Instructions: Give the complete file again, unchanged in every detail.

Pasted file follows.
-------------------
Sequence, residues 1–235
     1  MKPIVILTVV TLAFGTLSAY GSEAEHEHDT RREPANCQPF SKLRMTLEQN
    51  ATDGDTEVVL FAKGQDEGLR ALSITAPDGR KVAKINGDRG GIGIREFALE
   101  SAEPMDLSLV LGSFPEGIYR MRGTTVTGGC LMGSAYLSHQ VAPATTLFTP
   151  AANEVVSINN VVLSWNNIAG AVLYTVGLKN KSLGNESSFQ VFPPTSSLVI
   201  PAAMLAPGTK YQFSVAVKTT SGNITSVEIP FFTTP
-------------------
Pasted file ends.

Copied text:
Sequence, residues 1–235
     1  MKPIVILTVV TLAFGTLSAY GSEAEHEHDT RREPANCQPF SKLRMTLEQN
    51  ATDGDTEVVL FAKGQDEGLR ALSITAPDGR KVAKINGDRG GIGIREFALE
   101  SAEPMDLSLV LGSFPEGIYR MRGTTVTGGC LMGSAYLSHQ VAPATTLFTP
   151  AANEVVSINN VVLSWNNIAG AVLYTVGLKN KSLGNESSFQ VFPPTSSLVI
   201  PAAMLAPGTK YQFSVAVKTT SGNITSVEIP FFTTP